“Article 3. If the government of the Republic of Philippines should desire that this agreement be extended beyond the stipulated period, it shall make a written proposal to that effect at least one year before the expiration of this Agreement.”
“Article 4. This Agreement may be terminated before the expiration of the period of five years prescribed in Article 2, or before the expiration of an extension authorized in Article 3, by either government, subject to three month’s written notice to the other government”, and on the same subject matter of duration, Article VIII of the Mutual Defense Treaty between the Philippines and the United States stipulates:
“This treaty shall remain in force indefinitely. Either party may terminate it one year after notice has been given to the other party:
Therefore, one can read very clearly that both the RP US Mutual Assistance Agreement and the RP-US Mutual Defense Treaty are terminable upon notice of one year by either party. I suggest that the other two agreements — that is, the RP-US Mutual Assistance Agreement and the RP-US Mutual Defense Treaty — should also be terminated. All we need to do now is to serve notice so that these last two aforementioned agreements will terminate one year after the giving of notice.
Anyway, there is not much love lost for we have seen in the particular case of the RP-US Mutual Defense Treaty how we have bound ourselves to the United States with all the burden of military and naval bases and forces of occupation, yet the United States has not bound herself to anything in our favor in case of an attack save that of resorting to her “constitutional processes although, truth to tell, what exposes us to an attack will be the presence of her bases and military forces in our territory.
The fact of the matter is that, in my judgment, in today’s international politics once an alliance is made with a country, certain undesirable and oppressive policies develop which are logical extensions of alliances, and which, far from promoting security, tend to increase tensions and to aggravate the power struggle. The first principle of international politics is the political and legal reality of the sovereign state. A state has to be considered as completely independent and, within the territory under its control, therefore, a sovereign state must be acknowledged as supreme and not subject to foreign control. The very essence of independence, in fact, is freedom from alien control and foreign dictation. We must, therefore, postulate a system in which we claim certain national rights, and in observing the same rights of others, adopt policies which avoid retaliatory and aggressive responses by others. A system in which it is policy, even the policy of major powers, not to intervene, to influence, to formalliances, nor to assert policies, in ways which might limit the sovereign powers and independence of others. A government, in short, has a right to resist interference from other governments, and in so far as it succeeds in this endeavor it remains the legitimate government.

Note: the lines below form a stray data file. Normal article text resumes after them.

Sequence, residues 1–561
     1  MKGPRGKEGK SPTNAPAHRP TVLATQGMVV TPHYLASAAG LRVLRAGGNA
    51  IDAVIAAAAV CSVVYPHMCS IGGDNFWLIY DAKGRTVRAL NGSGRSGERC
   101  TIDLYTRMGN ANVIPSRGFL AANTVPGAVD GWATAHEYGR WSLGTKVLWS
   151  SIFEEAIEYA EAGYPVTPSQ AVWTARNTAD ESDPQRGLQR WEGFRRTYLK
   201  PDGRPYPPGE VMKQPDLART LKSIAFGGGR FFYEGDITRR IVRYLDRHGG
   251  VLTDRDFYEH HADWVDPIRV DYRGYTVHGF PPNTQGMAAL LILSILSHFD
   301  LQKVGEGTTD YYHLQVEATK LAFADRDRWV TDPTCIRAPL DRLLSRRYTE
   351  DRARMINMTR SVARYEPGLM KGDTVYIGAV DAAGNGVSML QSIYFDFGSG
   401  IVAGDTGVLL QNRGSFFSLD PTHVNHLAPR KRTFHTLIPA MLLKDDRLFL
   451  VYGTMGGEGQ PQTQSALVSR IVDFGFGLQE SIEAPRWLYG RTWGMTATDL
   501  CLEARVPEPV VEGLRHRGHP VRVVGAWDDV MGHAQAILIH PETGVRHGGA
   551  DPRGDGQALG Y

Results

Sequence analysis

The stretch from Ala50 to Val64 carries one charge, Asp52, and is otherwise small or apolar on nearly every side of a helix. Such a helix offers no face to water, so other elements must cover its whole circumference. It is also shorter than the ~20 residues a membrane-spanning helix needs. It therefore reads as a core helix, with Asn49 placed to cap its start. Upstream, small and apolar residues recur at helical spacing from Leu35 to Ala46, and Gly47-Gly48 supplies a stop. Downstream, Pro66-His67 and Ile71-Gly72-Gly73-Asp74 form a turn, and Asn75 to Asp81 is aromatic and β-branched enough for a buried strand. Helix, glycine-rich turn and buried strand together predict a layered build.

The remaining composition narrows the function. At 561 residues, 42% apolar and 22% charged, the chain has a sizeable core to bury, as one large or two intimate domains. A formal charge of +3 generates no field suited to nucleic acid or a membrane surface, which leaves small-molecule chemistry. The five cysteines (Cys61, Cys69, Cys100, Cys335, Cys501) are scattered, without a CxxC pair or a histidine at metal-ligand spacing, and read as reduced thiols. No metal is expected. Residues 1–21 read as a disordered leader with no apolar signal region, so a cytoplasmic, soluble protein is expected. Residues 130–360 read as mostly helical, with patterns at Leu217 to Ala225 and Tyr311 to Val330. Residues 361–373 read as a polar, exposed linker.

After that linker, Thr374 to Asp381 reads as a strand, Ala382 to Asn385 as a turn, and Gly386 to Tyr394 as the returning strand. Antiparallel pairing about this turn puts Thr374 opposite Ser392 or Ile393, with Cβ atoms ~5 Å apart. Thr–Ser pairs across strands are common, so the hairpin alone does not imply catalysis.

We must, in the main, rely on ourselves. The bottom line is a competent government that believes in the truth and worth of our independence.
For in the words of the Sublime Paraplegic, the noble Apolinario Mabini, who was the Brains of the Philippine Revolution of 1896,--- a declaration he uttered in the fin de siècle of the 19th century:
“Strive for the independence of your country, because you alone can have a real interest in her aggrandizement and ennoblement, since here independence will mean your own freedom, her aggrandizement your own perfection, and her ennoblement your own glory and immortality.”
“Pagpilitan mo ang pagsasarili ng iyong bayan”